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Recent releases, March 2010

Dewar's, Aberfeldy 18-year-old ‘Chris Anderson’s Cask’ (Scotland)
‘House’ expressions of the often under-rated Aberfeldy single malt are rare enough, so it is good to see a new addition to the line up, albeit one that is exclusive to the distillery’s Dewar’s World of Whisky centre. The ‘Chris Anderson Cask’ commemorates the contribution made to Aberfeldy by Anderson, who retired as distillery manager a year ago after 41 years in the whisky industry. The cask in question is hogshead number 8510, which yielded 248 bottles The nose is gentle, considering the spirit’s strength, with characteristic Aberfeldy honeyed sweetness and floral notes, with malt and polished wood. Soft spice, malt and vanilla on the smooth and rounded palate, while the addition of water teases out more estery and citrus notes, both on the nose and in the mouth, along with a whiff of smoke. Quite dry and nutty in the lengthy finish. 54.9% ABV, 70cl, £170.00, distillery visitor centre. (temporary image)
Duncan Taylor, Black Bull 40 Year Old (Scotland)
Independent bottlers Duncan Taylor & Co Ltd of Huntly in Aberdeenshire have followed up their much-vaunted 30-year-old Black Bull release and the more recent 12-year-old with a 40-year-old expression of the same blended brand. It contains 90 per cent malt and just 10 per cent grain whisky, with 80 per cent of the contents having been matured in ex-Bourbon casks and 20 per cent in Sherry wood. It comprises malts of 40 to 44 years of age from Bunnahabhain, Glenfarclas, Glenlivet, Glenburgie, Highland Park, Miltonduff, Springbank and Tamdhu distilleries, along with Invergordon grain whisky. The nose is sweet, mellow, smooth and buttery, with bananas, notes of vanilla, resin and even Kendal Mint Cake. Quite full-bodied, briefly somewhat sweet and spicy, with cinnamon in particular, then drying rapidly, though a background note of fudge persists. Liquorice, raisins and tannic oak in the finish. 40.2% ABV, 70cl, £115.00, specialist whisky merchants.
Ardbeg, Rollercoaster (Scotland)
Rollercoaster has been released to celebrate 10 years of the Ardbeg Committee of enthusiasts who revere this Islay malt, and Mickey Heads, distillery manager and chairman of the Ardbeg Committee says “We thought ‘rollercoaster’ aptly reflected the tumultuous ride we have had over the last 10 years at Ardbeg as we have brought the distillery to back to life! The whisky itself was created by taking whisky from casks from each year since the distillery’s re-opening in 1997, right up to 2006 - the youngest Ardbeg able to be bottled by law! Bottled at 57.3 % and non chill-filtered it is an enormous whisky.” Enormous indeed, with a gutsy yet complex nose of printer’s ink, sweet peat, bonfire smoke, freshly-sawn pine wood, kippers, damp tweed and even a hint of honey. With time, more buttery notes appear and the kippers become smoked haddock. The palate is smooth and buttery, offering sharply focused, classic Ardbeg intense fruitiness and peat, with spicy Germolene notes and rock salt. The finish is long and peaty, with dark fruit-and-nut chocolate. 57.3% ABV, 70cl, £50.00, distillery website.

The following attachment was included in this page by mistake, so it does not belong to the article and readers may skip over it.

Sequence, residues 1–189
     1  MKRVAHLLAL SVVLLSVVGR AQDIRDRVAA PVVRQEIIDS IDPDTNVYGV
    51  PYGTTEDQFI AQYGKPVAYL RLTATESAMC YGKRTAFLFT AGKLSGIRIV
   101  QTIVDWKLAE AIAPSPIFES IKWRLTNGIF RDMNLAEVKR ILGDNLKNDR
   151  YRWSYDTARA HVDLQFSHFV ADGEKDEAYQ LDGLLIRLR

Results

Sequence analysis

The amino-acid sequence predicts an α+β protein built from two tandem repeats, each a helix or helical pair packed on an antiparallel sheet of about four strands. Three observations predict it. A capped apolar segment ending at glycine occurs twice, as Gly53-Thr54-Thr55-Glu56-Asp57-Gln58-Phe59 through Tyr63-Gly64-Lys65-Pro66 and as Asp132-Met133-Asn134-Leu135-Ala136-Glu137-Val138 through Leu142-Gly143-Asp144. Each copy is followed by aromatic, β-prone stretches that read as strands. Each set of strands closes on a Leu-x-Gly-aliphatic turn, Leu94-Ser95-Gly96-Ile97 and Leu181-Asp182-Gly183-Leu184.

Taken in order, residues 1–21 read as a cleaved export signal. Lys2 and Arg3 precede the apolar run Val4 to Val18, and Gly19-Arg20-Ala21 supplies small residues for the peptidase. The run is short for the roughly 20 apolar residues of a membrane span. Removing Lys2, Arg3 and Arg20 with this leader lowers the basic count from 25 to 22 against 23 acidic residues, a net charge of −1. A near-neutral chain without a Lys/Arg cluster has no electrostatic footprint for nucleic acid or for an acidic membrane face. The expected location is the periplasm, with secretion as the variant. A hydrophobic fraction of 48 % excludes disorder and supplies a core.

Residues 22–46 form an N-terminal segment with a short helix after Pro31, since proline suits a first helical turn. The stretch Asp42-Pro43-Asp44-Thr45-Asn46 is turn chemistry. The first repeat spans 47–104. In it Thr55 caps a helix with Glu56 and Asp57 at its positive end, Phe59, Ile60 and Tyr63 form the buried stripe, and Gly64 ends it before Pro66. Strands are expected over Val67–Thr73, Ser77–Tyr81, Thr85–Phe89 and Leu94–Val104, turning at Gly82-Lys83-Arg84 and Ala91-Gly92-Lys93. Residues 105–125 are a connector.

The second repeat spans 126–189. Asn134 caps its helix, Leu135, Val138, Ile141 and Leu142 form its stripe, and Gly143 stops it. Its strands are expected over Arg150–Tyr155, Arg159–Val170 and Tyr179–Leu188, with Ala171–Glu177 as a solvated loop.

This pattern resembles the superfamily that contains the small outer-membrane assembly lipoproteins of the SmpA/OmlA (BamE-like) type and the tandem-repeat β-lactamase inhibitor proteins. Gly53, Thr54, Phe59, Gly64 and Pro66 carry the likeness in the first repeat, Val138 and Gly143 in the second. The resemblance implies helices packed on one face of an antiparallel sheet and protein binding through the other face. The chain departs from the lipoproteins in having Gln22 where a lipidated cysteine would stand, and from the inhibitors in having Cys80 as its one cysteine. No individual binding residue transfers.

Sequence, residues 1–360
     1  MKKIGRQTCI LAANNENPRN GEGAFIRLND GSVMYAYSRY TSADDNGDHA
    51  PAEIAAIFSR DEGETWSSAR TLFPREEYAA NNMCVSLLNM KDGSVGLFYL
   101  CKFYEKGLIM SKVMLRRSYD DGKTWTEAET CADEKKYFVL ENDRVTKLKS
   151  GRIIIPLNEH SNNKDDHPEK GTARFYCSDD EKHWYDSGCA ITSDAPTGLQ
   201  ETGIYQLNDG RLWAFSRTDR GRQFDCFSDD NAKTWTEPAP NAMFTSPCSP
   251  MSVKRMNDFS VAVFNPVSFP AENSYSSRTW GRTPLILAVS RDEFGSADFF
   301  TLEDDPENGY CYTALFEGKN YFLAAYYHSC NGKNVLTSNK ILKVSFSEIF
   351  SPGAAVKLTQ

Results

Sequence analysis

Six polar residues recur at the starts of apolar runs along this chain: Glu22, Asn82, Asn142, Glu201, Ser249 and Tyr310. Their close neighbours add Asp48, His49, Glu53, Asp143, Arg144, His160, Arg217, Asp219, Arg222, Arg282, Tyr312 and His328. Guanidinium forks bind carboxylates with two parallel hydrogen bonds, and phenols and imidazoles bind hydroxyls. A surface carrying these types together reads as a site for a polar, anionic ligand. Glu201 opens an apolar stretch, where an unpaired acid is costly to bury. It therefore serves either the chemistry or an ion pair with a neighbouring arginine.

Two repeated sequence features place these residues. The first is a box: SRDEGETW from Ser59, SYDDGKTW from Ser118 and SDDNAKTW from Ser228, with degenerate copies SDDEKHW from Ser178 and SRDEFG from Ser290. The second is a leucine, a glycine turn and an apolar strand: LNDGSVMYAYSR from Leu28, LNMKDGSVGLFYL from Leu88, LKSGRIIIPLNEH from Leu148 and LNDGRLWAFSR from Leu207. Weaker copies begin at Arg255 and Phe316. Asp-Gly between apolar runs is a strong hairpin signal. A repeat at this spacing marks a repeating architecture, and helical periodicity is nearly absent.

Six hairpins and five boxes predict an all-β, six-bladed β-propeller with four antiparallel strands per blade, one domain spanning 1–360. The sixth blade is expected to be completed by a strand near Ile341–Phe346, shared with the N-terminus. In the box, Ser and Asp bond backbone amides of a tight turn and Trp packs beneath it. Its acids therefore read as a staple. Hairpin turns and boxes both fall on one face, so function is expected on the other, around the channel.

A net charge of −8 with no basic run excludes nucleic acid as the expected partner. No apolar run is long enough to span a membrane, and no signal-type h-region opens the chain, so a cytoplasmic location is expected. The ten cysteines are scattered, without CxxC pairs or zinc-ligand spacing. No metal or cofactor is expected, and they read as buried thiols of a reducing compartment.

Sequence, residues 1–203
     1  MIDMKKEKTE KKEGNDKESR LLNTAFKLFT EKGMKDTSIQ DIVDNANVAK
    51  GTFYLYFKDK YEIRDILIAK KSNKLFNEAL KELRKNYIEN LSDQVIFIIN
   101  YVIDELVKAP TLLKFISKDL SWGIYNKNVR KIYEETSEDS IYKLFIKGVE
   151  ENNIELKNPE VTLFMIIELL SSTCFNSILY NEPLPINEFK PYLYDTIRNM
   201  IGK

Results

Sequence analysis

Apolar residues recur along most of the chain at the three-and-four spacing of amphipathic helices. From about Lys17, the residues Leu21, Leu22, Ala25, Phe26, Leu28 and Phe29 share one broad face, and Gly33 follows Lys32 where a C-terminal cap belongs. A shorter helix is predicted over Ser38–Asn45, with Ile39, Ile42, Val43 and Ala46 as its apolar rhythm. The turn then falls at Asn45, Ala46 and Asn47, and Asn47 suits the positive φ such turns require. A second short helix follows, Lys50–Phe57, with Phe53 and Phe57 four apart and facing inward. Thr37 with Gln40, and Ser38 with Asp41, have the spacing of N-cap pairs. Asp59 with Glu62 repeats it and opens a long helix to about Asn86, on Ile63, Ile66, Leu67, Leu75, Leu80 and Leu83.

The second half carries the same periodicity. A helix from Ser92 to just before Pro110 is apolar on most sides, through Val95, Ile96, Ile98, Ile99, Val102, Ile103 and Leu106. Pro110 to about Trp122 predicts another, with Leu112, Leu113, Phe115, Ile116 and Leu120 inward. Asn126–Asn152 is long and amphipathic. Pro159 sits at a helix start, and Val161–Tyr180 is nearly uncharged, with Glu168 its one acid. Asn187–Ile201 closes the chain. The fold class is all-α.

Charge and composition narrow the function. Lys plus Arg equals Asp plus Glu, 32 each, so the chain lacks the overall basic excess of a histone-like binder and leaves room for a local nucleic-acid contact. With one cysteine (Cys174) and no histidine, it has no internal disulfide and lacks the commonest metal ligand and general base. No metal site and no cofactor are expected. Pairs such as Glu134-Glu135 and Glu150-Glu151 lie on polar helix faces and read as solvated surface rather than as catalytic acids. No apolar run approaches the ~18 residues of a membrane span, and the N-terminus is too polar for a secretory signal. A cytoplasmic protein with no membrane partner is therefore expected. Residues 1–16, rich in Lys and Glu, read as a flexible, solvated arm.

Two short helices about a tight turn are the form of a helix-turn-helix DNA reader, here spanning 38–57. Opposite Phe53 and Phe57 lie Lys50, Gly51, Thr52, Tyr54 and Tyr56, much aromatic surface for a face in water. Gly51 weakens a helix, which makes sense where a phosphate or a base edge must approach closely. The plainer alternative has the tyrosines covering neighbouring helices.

Master of Malt, Single Cask 26 Year Old Bowmore (Scotland)
Independent bottlings of Bowmore are not exactly thin on the ground, but this veteran from Master of Malt is among the best to be sampled for a while. Wet beaches, warm lemonade, fresh peaches and mild peat ash on the nose. Classic Bowmore sherbet and peaches with a smattering of salt in the mouth. Quite long in the finish, gently oaky, with an undertone of vanilla and peaches. 53.4% ABV, 70cl, £99.95, Master of Malt.
Master of Malt, 16-year-old Single Cask Tamnavulin (Scotland)
Tamnavulin is one of the more obscure Speyside single malts, with most of the ‘make’ finding its way into the blending vats of owner Whyte & Mackay Distillers. The distillery re-opened for business in 2007, after a dozen years of closure. This rare bottling by Master of Malt offers a nose of sultanas, caramel, toasted coconut and violets. Sherbet Dip with the addition of water. Malt, ripe plums and dark Sherry notes dominate on the palate, which dries steadily. Aniseed, liquorice and astringent oak in the finish. 55.1% ABV, 70cl, £59.95, Master of Malt.
Caol Ila, 27-year-old (Scotch Malt Whisky Society, #53:139) (Scotland)
Our third offering from the ‘whisky island’ this month is a Caol Ila from a refill Bourbon hogshead, recently bottled by the Scotch Malt Whisky Society. It is the oldest Islay ever released by the Society, and their 139th cask from this ever-popular distillery. The nose is delicious; mature yet fresh, with rock-pools on a seashore, bonfire smoke and tar. The well-balanced palate is quite delicate and yields fresh fruit and salt flavours, with a hint of black pepper. The finish is lengthy, with the bonfire now smouldering gently. Another lovely dram from this extremely consistent distillery. (256 bottles) 55.2% ABV, 70cl, £82.00, SMWS.
Glenugie, 29-year-old (Scotch Malt Whisky Society, #99.11) (Scotland)
Whereas Caol Ila has clearly been a Society favourite over the years, only 10 previous casks of Glenugie have been bottled for members, with the Peterhead distillery having closed in 1983 and subsequently been demolished. Fresh apples, waxed jackets and leather on the nose, along with a whiff of diesel oil. Not overly subtle on the palate, with more leather, tobacco, mixed spices and salt, plus ‘Black Bullet’ brittle sweets. Sour dough and plum sauce with longer exposure to air. More diesel oil and a touch of peat in the long finish. An idiosyncratic dram and a rare chance to drink a drop of distilling history. (192 bottles) 43.4% ABV, 70cl, £78.00, SMWS.
  

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